But since the bishops of the circumcision ceased at this time, it is proper to give here a list of their names from the beginning. The first, then, was James, the so-called brother of the Lord; the second, Symeon; the third, Justus; the fourth, Zacchæus; the fifth, Tobias; the sixth, Benjamin; the seventh, John; the eighth, Matthias; the ninth, Philip; the tenth, Seneca; the eleventh, Justus; the twelfth, Levi; the thirteenth, Ephres; the fourteenth, Joseph; and finally, the fifteenth, Judas.
 These are the bishops of Jerusalem that lived between the age of the apostles and the time referred to, all of them belonging to the circumcision.
 In the twelfth year of the reign of Adrian, Xystus, having completed the tenth year of his episcopate, was succeeded by Telesphorus, the seventh in succession from the apostles. In the meantime, after the lapse of a year and some months, Eumenes, the sixth in order, succeeded to the leadership of the Alexandrian church, his predecessor having held office eleven years.
 As the rebellion of the Jews at this time grew much more serious, Rufus, governor of Judea, after an auxiliary force had been sent him by the emperor, using their madness as a pretext, proceeded against them without mercy, and destroyed indiscriminately thousands of men and women and children, and in accordance with the laws of war reduced their country to a state of complete subjection.
 The leader of the Jews at this time was a man by the name of Barcocheba (which signifies a star), who possessed the character of a robber and a murderer, but nevertheless, relying upon his name, boasted to them, as if they were slaves, that he possessed wonderful powers; and he pretended that he was a star that had come down to them out of heaven to bring them light in the midst of their misfortunes.
 The war raged most fiercely in the eighteenth year of Adrian, at the city of Bithara, which was a very secure fortress, situated not far from Jerusalem. When the siege had lasted a long time, and the rebels had been driven to the last extremity by hunger and thirst, and the instigator of the rebellion had suffered his just punishment, the whole nation was prohibited from this time on by a decree, and by the commands of Adrian, from ever going up to the country about Jerusalem. For the emperor gave orders that they should not even see from a distance the land of their fathers. Such is the account of Aristo of Pella.
 And thus, when the city had been emptied of the Jewish nation and had suffered the total destruction of its ancient inhabitants, it was colonized by a different race, and the Roman city which subsequently arose changed its name and was called Ælia, in honor of the emperor Ælius Adrian. And as the church there was now composed of Gentiles, the first one to assume the government of it after the bishops of the circumcision was Marcus.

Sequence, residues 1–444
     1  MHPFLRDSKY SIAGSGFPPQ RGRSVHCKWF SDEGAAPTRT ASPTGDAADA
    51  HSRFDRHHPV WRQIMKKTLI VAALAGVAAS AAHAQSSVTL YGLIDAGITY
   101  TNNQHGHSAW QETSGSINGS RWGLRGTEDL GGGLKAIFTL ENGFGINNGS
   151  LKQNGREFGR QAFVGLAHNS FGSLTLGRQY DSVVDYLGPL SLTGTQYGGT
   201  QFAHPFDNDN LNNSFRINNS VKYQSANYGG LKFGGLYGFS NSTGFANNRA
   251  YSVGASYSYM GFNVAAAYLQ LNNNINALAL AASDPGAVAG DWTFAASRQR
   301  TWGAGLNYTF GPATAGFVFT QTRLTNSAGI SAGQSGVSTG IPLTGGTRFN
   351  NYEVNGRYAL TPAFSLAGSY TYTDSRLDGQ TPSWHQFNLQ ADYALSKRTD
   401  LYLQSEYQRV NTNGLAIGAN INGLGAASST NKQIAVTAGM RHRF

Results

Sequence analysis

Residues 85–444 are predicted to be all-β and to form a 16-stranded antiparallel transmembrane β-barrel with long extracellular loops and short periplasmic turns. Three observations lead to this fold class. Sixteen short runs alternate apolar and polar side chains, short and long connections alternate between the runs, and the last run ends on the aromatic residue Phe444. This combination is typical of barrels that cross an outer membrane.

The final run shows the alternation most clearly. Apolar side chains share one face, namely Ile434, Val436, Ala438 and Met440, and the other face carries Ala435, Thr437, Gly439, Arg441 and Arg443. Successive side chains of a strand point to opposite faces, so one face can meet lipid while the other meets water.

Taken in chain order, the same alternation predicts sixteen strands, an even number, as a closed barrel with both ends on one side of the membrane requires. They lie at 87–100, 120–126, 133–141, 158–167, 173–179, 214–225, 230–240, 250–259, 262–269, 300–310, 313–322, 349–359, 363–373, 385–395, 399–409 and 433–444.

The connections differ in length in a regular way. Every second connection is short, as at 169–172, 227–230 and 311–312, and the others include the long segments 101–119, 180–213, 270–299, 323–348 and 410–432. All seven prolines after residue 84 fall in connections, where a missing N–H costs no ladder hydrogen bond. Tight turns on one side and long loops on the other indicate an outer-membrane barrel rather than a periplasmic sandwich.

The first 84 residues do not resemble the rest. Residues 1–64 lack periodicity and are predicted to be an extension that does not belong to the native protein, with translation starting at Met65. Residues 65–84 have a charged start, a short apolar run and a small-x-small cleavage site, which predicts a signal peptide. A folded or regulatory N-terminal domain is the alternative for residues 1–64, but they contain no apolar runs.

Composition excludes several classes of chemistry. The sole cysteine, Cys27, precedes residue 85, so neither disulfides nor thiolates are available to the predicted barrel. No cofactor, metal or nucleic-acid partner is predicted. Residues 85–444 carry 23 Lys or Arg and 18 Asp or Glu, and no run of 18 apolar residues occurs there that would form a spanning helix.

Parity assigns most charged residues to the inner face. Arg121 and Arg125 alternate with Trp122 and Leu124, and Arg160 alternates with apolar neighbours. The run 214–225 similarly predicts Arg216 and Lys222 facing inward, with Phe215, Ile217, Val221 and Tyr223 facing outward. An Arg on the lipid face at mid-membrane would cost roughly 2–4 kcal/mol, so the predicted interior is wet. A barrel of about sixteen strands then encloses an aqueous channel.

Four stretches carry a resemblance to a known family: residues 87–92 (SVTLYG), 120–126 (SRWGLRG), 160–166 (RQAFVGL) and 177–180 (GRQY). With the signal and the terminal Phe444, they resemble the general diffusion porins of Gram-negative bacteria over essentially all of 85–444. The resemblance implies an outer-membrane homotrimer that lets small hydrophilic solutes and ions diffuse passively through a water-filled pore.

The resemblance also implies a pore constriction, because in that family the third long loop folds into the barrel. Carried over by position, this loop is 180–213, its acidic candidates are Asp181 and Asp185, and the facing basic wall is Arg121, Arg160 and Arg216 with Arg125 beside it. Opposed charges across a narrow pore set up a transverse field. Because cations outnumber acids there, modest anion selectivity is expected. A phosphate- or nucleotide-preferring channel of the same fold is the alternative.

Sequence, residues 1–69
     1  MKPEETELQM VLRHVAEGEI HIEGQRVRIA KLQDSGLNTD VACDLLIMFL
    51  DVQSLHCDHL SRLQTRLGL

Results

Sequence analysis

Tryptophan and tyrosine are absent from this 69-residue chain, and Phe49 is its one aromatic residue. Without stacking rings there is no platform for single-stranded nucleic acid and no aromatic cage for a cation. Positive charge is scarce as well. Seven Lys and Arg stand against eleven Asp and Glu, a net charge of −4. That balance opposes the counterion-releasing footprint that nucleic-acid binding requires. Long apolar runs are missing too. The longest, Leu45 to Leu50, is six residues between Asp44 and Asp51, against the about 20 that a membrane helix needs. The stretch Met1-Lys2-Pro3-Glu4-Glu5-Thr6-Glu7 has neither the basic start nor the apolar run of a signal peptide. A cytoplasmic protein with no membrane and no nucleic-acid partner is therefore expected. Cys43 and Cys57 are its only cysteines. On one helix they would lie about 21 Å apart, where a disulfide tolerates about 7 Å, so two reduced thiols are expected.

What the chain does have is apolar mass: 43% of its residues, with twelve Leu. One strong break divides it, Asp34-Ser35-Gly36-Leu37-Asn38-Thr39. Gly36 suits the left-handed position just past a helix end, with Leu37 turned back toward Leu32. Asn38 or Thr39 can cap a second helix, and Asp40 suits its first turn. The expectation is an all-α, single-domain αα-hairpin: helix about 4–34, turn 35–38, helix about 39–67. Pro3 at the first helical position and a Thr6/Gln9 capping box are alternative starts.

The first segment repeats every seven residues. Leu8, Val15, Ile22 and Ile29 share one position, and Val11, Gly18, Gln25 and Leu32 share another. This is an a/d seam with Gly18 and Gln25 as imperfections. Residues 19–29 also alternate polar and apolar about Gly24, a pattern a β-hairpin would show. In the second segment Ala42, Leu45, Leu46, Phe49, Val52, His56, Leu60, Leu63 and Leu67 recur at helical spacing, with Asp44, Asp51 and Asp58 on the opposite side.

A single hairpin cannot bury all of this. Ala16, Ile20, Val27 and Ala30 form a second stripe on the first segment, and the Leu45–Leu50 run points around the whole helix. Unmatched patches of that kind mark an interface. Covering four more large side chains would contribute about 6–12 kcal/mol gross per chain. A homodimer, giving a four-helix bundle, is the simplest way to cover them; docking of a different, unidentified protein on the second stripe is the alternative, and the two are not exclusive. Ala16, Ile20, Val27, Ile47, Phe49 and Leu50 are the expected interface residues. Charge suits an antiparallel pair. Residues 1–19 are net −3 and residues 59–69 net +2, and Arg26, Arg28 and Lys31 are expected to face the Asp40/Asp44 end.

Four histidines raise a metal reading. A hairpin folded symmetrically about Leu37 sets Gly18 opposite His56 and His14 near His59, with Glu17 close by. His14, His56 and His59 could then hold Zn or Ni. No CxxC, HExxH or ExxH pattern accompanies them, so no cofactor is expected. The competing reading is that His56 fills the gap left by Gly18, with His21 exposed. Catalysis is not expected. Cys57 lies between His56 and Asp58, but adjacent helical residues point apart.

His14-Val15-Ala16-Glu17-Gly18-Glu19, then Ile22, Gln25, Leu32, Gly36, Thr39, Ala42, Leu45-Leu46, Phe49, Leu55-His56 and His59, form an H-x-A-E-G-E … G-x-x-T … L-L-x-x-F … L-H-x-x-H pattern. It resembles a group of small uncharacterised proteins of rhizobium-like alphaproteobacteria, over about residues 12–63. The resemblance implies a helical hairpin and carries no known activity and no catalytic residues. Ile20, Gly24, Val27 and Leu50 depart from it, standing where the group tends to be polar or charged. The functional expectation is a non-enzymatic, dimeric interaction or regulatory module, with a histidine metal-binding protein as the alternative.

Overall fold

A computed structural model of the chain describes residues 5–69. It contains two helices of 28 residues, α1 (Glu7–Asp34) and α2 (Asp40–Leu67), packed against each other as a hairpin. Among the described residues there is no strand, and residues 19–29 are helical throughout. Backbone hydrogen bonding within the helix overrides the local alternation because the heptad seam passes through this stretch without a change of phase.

As the churches throughout the world were now shining like the most brilliant stars, and faith in our Saviour and Lord Jesus Christ was flourishing among the whole human race, the demon who hates everything that is good, and is always hostile to the truth, and most bitterly opposed to the salvation of man, turned all his arts against the Church. In the beginning he armed himself against it with, external persecutions.
 But now, being shut off from the use of such means, he devised all sorts of plans, and employed other methods in his conflict with the Church, using base and deceitful men as instruments for the ruin of souls and as ministers of destruction. Instigated by him, impostors and deceivers, assuming the name of our religion, brought to the depth of ruin such of the believers as they could win over and at the same time, by means of the deeds which they practiced, turned away from the path which leads to the word of salvation those who were ignorant of the faith.
 Accordingly there proceeded from that Menander, whom we have already mentioned as the successor of Simon, a certain serpent-like power, double-tongued and two-headed, which produced the leaders of two different heresies, Saturninus, an Antiochian by birth, and Basilides, an Alexandrian. The former of these established schools of godless heresy in Syria, the latter in Alexandria.
 Irenæus states that the false teaching of Saturninus agreed in most respects with that of Menander, but that Basilides, under the pretext of unspeakable mysteries, invented monstrous fables, and carried the fictions of his impious heresy quite beyond bounds.